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United States Department of Agriculture

Agricultural Research Service

Title: Euphorbia Esula

Authors
item Chao, Wun
item Anderson, James

Submitted to: CAB International United Kingdom
Publication Type: Other
Publication Acceptance Date: July 15, 2003
Publication Date: February 1, 2004
Citation: Chao, W.S., Anderson, J.V. 2004. Euphorbia esula. In: Crop Protection Compendium, 2004 edition. Wallingford, UK: CAB International.

Interpretive Summary: Leafy spurge, an accidentally introduced native species of Eurasia, is a perennial weed that is now an established invader of numerous North American ecosystems. Due to its extensive root system and seed longevity, long-term control of leafy spurge is difficult, if not impossible. The introduction and establishment of biological control agents that help to keep leafy spurge in check in its native Eurasia, such as the Aphthona flee beetles, are showing promising results in some environmental habitats. The best overall approach for controlling leafy spurge currently involves an integrated approach including the use of biological controls (flea beetles, gall midge, goats, and sheep), cultural control (burning and competitive grass species), mechanical control (mowing and tilling) in combination with properly timed application of herbicides. A long-term integrated and persistent management program will help to reduce top growth and ultimately reduce the reserve carrying capacity of the root system. An integrated management strategy also produces a more environmentally friendly approach since the need to apply excessive chemical treatments to environmentally sensitive ecosystems is reduced.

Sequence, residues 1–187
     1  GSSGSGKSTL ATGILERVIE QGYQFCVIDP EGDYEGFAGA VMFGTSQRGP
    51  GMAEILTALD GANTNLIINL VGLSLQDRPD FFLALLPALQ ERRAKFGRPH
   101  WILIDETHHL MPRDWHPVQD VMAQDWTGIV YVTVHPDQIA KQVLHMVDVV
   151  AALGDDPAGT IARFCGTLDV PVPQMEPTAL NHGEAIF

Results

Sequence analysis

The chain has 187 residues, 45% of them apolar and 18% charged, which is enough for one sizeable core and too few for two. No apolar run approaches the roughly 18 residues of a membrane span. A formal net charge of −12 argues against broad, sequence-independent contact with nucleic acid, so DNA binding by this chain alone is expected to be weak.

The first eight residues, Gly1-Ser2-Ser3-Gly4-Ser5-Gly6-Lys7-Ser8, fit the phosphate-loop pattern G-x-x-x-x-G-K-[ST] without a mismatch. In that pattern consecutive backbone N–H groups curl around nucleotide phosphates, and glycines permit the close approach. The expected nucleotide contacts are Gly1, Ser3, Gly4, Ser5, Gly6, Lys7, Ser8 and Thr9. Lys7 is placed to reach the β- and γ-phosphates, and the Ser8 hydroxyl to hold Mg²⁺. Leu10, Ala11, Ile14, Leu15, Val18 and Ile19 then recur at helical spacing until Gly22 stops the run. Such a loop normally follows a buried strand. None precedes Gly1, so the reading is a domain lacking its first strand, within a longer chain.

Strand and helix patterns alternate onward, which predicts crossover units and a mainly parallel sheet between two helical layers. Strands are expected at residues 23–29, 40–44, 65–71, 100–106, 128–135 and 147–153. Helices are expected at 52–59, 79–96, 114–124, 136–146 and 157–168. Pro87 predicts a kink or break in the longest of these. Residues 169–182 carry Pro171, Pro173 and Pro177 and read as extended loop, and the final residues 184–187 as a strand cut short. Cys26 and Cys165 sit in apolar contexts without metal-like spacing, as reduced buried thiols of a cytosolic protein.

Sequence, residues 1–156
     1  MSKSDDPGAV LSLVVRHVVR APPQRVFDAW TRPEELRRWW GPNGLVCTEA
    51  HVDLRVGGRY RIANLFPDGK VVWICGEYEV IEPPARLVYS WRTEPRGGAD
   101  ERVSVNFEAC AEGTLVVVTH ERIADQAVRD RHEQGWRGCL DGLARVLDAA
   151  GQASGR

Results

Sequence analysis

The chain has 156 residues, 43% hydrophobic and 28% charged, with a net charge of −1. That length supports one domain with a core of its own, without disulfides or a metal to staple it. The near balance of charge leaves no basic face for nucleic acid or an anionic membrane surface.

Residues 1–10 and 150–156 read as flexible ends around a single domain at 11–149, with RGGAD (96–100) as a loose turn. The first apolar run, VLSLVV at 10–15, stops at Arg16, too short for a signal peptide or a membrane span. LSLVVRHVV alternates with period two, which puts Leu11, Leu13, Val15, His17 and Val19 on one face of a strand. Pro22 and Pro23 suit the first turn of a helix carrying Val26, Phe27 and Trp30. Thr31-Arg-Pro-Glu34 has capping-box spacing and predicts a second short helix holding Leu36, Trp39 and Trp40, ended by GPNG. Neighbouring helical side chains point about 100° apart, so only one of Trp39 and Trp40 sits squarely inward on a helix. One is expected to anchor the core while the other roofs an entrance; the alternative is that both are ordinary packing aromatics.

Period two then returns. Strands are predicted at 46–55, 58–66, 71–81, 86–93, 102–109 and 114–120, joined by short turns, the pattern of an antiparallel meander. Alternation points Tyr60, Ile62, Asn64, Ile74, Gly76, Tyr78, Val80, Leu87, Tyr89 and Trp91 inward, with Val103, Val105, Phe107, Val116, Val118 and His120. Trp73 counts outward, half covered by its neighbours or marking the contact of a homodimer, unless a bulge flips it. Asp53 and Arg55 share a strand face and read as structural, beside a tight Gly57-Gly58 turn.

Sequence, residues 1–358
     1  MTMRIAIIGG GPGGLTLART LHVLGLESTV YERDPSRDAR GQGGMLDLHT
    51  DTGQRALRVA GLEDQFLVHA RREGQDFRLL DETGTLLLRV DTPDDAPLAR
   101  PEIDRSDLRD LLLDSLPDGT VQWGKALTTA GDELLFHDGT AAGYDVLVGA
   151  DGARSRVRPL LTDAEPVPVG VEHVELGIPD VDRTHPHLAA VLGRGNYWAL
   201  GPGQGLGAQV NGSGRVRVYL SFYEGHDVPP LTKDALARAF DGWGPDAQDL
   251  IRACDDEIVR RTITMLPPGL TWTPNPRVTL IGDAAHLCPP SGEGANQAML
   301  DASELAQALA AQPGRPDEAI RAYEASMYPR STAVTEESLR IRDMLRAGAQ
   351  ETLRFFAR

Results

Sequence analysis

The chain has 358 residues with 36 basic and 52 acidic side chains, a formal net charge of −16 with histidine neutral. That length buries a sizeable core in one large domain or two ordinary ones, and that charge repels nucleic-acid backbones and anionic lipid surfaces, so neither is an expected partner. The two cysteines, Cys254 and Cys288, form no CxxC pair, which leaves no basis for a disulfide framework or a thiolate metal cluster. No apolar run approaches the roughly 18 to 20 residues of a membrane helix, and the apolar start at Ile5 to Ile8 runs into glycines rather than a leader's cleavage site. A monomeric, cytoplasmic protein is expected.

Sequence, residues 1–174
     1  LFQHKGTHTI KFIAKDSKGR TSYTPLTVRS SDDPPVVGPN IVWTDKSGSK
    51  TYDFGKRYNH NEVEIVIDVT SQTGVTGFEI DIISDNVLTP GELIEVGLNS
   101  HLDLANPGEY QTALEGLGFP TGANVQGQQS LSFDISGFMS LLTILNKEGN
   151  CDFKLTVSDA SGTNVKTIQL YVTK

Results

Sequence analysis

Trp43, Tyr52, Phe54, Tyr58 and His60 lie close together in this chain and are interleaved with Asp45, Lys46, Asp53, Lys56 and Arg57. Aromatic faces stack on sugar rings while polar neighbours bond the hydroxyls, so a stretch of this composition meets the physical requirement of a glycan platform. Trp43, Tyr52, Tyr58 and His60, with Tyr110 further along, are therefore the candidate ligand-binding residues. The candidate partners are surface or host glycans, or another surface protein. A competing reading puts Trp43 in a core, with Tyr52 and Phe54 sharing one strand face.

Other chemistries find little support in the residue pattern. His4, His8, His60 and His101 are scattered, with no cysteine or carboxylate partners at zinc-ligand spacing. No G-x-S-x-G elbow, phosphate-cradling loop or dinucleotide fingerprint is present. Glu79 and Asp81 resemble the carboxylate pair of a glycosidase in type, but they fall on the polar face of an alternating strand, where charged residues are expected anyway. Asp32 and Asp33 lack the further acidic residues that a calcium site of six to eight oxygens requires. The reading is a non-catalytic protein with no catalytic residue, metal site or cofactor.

Technical Abstract: Leafy spurge, an accidentally introduced native species of Eurasia, is a perennial weed that is now an established invader of numerous North American ecosystems. New plants emerge early in the spring by both vegetative and seed reproduction. The root system of leafy spurge develops deep tap roots that can serve as a nutrient reserve and lateral roots with adventitious buds capable of producing new shoots. The extensive root system and early spring growth allow leafy spurge to compete for space, nutrients, water, and sunlight and reduce the competitiveness of native or desirable plant species. The plant also produces large numbers of seed that can be naturally displaced up to 15 feet from the parent plant or spread further by water, wind, and animals. Even worse, the seeds are viable for up to eight years in the soil bank. In addition to seed longevity, the root system has be capacity to exude exogenously applied chemicals which, taken together, makes long-term control of leafy spurge a difficult, if not impossible, challenge by current control practices. However, the introduction and establishment of biological control agents that help to keep leafy spurge in check in its native Eurasia, such as the Aphthona flee beetles, are showing promising results in some environmental habitats. The best overall approach for controlling leafy spurge currently involves an integrated approach including the use of biological controls (flea beetles, gall midge, goats, and sheep), cultural control (burning and competitive grass species), mechanical control (mowing and tilling) in combination with properly timed application of herbicides. A long-term integrated and persistent management program will help to reduce top growth and ultimately reduce the reserve carrying capacity of the root system. An integrated management strategy also produces a more environmentally friendly approach since the need to apply excessive chemical treatments to environmentally sensitive ecosystems is reduced.

Last Modified: 11/28/2014
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